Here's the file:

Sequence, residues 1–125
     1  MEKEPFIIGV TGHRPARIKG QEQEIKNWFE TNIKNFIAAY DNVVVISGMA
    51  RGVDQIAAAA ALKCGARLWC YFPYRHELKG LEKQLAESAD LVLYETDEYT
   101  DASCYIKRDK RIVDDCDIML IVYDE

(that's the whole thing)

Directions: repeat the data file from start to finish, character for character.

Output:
Sequence, residues 1–125
     1  MEKEPFIIGV TGHRPARIKG QEQEIKNWFE TNIKNFIAAY DNVVVISGMA
    51  RGVDQIAAAA ALKCGARLWC YFPYRHELKG LEKQLAESAD LVLYETDEYT
   101  DASCYIKRDK RIVDDCDIML IVYDE